Grape expectations

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Does everyone have food memories that take them back to their childhood? Probably. I know I have many.

At this time of the year, popping a semi-seedless Ontario Coronation grape on my tongue and feeling that burst of juicy goodness takes me right back to age 11 when my family lived in a house whose former owners had valued self-sufficiency very highly. Our standard-issue suburban yard was crammed full of wonderful fruit-bearing plants: damson plums, peaches, apples and pears grew in our backyard. All around the house, positioned above the lower storey windows like living awnings, were full, glorious grape vines whose leaves shaded the house all summer.  I fondly remember, as an 11-year-old, teetering on my desk chair to open the window, sliding back the screen and picking a bouquet of blue-black grapes to eat before settling down to memorize my first list of spelling words for the school year.

Coronation and the other Ontario blue grape variety, Fredonia, are only available from mid-August to late September, so this is the perfect weekend to pick up a basket if you don’t have a grape vine growing over your bedroom window.

During the rest of the year, most commercially-available table grapes sold in Canada are imported from places like California. You can easily distinguish native blue table grapes from other table grapes by examining their size and skin. Imported table grapes are considerably larger than the blue grapes Canadian home gardeners can grow and they have skins that cling to the flesh of the fruit. Canadian-grown blue grapes, on the other hand, are each about the size of a small marble, cluster in tight bunches on the vine and feature ‘slip’ skins that can easily be removed from the fruit.

These wonderful little grapes are still a favourite of mine to eat out of hand, but I also like to add them to salads and use them in this once-a-year focaccia recipe:

Coronation Focaccia

1 envelope fast-acting dry yeast
2 1/2 cups (625 mL) bread or all-purpose flour (approx)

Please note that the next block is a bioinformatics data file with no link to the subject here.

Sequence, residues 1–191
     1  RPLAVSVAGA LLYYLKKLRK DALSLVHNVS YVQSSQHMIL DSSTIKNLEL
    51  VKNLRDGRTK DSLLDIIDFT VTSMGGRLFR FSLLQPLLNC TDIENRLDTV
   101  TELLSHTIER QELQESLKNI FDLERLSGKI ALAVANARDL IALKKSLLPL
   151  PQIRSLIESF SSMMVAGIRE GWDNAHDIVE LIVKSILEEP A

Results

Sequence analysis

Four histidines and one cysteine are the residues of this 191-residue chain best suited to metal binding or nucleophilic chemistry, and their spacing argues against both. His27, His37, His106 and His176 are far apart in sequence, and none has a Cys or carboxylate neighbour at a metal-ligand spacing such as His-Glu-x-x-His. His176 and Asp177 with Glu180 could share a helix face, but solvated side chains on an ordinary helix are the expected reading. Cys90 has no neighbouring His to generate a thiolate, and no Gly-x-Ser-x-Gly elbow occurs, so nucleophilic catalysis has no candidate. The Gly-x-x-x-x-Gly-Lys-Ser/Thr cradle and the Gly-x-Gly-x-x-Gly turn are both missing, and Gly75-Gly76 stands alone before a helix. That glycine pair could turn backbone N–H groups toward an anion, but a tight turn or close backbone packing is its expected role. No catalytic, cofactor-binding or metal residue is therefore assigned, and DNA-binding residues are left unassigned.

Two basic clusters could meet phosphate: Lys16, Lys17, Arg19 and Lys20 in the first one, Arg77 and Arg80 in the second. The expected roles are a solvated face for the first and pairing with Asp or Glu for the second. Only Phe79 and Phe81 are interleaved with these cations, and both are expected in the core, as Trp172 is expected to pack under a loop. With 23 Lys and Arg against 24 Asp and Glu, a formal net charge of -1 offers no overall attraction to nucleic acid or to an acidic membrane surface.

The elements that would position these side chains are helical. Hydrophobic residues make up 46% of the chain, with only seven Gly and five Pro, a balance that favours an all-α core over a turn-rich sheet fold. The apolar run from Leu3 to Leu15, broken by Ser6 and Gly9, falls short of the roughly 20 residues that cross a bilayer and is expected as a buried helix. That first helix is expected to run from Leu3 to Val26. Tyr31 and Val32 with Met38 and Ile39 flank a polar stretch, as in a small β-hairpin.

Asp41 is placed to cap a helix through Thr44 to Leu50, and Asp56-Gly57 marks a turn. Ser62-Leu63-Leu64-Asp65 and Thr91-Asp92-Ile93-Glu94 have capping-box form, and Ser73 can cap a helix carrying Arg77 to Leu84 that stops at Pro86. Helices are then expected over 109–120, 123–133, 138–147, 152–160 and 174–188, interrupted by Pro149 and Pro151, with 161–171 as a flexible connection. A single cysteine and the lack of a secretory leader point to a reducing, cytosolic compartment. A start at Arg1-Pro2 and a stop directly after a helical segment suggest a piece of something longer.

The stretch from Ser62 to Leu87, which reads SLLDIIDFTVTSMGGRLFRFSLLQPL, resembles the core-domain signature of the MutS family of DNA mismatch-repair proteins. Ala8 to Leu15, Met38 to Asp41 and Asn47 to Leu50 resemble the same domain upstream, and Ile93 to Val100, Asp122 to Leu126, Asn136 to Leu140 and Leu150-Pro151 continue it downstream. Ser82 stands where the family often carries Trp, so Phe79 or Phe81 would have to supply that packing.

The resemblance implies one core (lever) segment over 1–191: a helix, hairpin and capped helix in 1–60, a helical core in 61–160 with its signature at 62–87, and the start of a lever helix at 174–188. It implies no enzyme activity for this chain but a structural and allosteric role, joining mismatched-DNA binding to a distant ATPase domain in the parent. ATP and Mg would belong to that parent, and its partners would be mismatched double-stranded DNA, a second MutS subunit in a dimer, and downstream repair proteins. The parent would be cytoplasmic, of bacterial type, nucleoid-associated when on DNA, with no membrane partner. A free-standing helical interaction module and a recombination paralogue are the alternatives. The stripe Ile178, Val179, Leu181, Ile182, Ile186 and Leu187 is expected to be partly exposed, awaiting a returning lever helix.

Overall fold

1/2 tsp (2 mL)  salt
3/4 cup (175 mL) very warm water
1 tbsp (15 mL) lemon juice
1 tbsp (15 mL) liquid honey
1/4 cup (50 mL)  melted butter
2 cups (500 mL) Ontario blue grapes, halved and seeded if necessary
1/3 cup (75 mL) muscovado or granulated sugar

1. Stir yeast with flour and salt and reserve. Stir water with lemon juice, honey and melted butter in a large bowl. Stir in half the flour mixture and blend well. Stir in remaining flour mixture and turn out onto the counter. Knead for 5 minutes or until smooth and elastic,  adding up to 1/2 cup (125 mL) extra flour if necessary. Place in a lightly buttered bowl and cover with plastic wrap. Rest for 10 minutes.

2. Turn dough out of bowl and press out all the air. Roll dough into a large rectangle. Scatter half the grapes over dough and sprinkle with half the sugar. Brush around the edge of the dough with a little water and fold dough like a letter to make a rectangle. Crimp the edges of the dough to seal. Sprinkle with remaining grapes, turning skin side up and pressing gently into dough. Sprinkle with sugar. Transfer to a parchment paper-lined baking sheet.

3. Tent bread with plastic wrap and let rise for 1 hour. Preheat oven to 400F (200C). Bake focaccia on middle rack for 25 to 30 minutes or until well browned. Immediately loosen bread with a spatula from pan (it will be saucy on the bottom) and slide onto a rack to cool. Makes 1 loaf.

14 Responses to Grape expectations

  1. Rosa says:

    That focaccia must taste wonderful!

    Cheers,

    Rosa

  2. Barb says:

    You lucky girl.:)

  3. Diva says:

    Mmm, this sounds heavenly, Dana. I’d like a slice, warm from the oven, please!

  4. dinnerwithjulie says:

    I love grape focaccia! I’m so jealous that you can grow them there! and of your childhood back yard – wow! All we had in our Toronto back yard were chestnuts!

    • danamccauley says:

      Right now Martin and I are working with our landscape archtiects Martin Wade and Colin Berman to duplicate this type of backyard but in a gorgeous way. I’m hoping that by this time next year I’ll have a crop of new fruit trees, berry vines and raised vegetable beds to tell you about.

  5. Food can evoke so many memories, I love using it to trek back down memory lane🙂
    Dana this focaccia sounds absolutely divine. I made a similar Tuscan version of this a short while back:
    http://culinarytravelsofakitchengoddess.wordpress.com/2009/04/08/a-hidden-tuscan-treasure/

  6. Malayalam says:

    wonderful!! are you still single?🙂

  7. Jennifer says:

    I learned of Coronation and Fredonia grape varieties while studying wine. Yet, I haven’t had the opportunity to taste them. I bet your focaccia proves a splendid introduction.

    • danamccauley says:

      What part of the world do you live in Jennifer? If you’re in Ontario or North Western New York you should be able to taste them just by hitting a grocery store this week. : )

  8. […] Grape expectations « Dana McCauley's food blog 2 cups (500 mL) Ontario blue grapes halved and seeded if necessary 1/3 cup (75 mL) muscovado or granulated sugar. 1. Stir yeast with flour and salt and reserve. Stir water with lemon juice, honey and melted butter in a large bowl. Stir in half the flour mixture and blend well. I learned of Coronation and Fredonia grape varieties while studying wine. Yet, I haven't had the opportunity to taste them. I bet your focaccia proves a splendid introduction. […]

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